That brings us to the private sector. The big question is, why should we care? Companies in just about every sector of the economy are cleaning up their proverbial rooms by moving on from coal. Isn't that enough? Perhaps not. The more relevant question is whether the private sector has any responsibility at all for cleaning up the messes of the past and, if so, to what degree. In other words, as we celebrate new wind farms, should we also be looking back over our shoulders and doing something about the legacy problems we had a part in creating?

Back in the 1980s, the federal government confronted a similar problem with the Superfund program. Those who contributed to improper hazardous waste disposal in the past, even if it was legal at the time, were held liable for cleaning up the messes left behind. That won't happen here — the political will doesn't exist for new legislation and Superfund hasn't exactly been a model of efficiency. Yet, the underlying ethical construct is the same.

To truly fulfill the vision of corporate social and environmental responsibility regarding climate change, the private sector should consider expanding beyond its current thinking to fulfill that ethical obligation. Companies should engage more directly in rebuilding the communities that powered their paths to great wealth. Several of the U.N. Sustainable Development Goals practically demand it.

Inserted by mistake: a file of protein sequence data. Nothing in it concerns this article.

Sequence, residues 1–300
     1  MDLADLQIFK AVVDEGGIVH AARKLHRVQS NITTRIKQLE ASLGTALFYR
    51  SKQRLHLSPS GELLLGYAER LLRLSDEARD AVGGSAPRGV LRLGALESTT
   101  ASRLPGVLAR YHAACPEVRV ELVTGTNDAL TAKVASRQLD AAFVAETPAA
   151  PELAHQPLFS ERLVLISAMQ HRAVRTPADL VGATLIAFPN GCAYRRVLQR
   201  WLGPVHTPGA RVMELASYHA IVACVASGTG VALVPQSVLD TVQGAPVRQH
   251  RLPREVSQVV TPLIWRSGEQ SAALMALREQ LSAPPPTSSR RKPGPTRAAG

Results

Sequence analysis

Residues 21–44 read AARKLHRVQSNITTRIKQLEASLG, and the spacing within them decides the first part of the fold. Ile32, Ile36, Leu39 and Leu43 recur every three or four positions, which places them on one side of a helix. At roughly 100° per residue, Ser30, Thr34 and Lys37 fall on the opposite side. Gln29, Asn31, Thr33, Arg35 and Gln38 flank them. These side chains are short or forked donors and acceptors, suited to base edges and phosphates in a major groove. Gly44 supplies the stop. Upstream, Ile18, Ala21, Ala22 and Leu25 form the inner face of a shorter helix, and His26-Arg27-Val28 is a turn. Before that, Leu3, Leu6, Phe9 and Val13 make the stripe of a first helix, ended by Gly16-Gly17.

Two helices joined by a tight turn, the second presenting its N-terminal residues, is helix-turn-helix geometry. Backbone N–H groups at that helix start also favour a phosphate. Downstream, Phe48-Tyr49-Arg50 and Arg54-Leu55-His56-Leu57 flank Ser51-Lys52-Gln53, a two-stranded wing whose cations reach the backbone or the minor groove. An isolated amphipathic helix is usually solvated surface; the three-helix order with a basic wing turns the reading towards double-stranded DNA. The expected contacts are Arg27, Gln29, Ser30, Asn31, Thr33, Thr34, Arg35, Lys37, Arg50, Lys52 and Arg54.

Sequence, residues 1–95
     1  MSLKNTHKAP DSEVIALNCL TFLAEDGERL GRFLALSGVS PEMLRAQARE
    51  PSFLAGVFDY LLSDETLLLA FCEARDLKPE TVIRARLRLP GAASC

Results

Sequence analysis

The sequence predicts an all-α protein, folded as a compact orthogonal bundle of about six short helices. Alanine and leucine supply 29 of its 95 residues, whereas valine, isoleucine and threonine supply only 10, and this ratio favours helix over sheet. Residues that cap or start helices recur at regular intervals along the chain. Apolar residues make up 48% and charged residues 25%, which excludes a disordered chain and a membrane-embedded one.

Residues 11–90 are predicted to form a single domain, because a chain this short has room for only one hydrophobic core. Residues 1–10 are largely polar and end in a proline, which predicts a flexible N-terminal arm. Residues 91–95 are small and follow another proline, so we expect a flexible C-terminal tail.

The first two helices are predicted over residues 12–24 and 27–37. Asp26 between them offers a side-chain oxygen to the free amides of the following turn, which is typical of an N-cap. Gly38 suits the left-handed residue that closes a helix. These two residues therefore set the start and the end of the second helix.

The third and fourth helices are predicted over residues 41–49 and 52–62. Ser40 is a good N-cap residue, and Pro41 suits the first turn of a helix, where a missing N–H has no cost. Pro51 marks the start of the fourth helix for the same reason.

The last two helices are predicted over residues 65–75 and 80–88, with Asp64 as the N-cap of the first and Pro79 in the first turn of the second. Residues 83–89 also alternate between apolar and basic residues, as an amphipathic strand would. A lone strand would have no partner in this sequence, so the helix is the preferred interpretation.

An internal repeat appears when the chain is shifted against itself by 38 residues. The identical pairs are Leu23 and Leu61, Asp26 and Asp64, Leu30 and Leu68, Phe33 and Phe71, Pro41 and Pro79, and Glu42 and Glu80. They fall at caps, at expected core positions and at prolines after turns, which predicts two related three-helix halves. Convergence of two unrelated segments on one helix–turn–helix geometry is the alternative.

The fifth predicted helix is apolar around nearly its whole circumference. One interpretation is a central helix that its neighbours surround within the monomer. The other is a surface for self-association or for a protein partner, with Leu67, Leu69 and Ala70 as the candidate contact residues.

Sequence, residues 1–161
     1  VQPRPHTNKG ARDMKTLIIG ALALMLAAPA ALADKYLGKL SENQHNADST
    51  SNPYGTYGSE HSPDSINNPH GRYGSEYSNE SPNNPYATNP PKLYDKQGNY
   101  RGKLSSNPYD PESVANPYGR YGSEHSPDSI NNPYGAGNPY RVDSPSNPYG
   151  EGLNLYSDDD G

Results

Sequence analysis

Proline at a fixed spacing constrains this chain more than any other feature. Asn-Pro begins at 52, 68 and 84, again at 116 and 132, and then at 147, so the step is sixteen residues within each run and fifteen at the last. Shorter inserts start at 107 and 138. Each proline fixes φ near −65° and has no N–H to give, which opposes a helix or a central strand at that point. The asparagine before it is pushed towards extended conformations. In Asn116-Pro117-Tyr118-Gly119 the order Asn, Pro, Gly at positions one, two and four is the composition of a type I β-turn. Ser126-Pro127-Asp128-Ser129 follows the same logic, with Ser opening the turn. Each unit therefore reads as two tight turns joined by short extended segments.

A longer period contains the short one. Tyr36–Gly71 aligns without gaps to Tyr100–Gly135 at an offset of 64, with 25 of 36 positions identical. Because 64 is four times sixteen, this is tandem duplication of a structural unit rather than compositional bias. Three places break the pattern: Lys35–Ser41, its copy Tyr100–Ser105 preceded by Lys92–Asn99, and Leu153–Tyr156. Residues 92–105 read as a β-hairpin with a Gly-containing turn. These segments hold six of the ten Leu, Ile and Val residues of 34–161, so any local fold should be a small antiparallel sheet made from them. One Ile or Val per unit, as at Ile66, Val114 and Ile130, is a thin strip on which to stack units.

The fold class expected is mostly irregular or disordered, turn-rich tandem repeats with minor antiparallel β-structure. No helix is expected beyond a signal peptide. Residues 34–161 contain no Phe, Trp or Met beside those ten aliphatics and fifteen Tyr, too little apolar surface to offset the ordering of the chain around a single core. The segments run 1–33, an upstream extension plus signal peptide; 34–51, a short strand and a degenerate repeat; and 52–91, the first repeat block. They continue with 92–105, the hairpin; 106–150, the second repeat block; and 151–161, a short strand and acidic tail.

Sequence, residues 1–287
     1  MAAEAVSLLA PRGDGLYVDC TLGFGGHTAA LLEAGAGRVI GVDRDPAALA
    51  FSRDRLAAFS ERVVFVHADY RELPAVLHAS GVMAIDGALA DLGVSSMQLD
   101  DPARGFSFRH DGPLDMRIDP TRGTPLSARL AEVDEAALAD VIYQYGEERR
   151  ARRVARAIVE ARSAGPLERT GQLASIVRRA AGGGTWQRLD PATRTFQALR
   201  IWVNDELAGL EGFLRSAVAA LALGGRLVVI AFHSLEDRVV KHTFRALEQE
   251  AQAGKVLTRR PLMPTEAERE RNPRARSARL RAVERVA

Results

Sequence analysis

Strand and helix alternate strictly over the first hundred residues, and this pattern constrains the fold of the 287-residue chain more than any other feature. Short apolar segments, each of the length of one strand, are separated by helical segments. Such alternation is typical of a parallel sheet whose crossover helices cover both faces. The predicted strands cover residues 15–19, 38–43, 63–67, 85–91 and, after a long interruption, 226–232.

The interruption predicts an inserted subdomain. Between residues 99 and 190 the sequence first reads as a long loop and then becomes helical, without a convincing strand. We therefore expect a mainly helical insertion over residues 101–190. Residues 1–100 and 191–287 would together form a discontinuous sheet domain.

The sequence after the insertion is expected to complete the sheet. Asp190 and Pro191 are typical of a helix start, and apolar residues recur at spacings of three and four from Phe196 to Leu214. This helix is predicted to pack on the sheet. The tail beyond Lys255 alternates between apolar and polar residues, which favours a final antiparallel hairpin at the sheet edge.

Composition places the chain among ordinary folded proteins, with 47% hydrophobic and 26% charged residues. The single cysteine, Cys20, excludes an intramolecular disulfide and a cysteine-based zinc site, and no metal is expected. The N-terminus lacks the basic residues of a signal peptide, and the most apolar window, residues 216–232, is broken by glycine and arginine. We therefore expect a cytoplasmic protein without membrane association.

Furthermore, the private sector can do something about this problem in a way that aligns with shareholder interests. Mom and Dad, in the form of Larry Fink, CEO of BlackRock, and Bill McNabb, chairman of Vanguard, have put the investing world on notice by taking a more assertive stand on corporate responsibility. They seem to understand that companies that perform better on social and environment metrics also make better investments. With over $10 trillion in their portfolios, companies increasingly are listening.

Whether it's locating data centers and new facilities in coal country, investing a portion of well over $2 trillion of potentially repatriated profits in redevelopment projects and job retraining, or direct philanthropy  there are many opportunities to help these communities in need while also creating business value. That should please investors such as Fink and McNabb. Growth and innovation should be the result of this type of investment, even if the underlying imperative arises from a sense of ethical obligation.

In the end, it also should result in a greater sense of shared purpose between communities that don't talk to each other enough these days. That way, we'll do a better job of making sure that nobody gets left behind on the road to a cleaner energy future.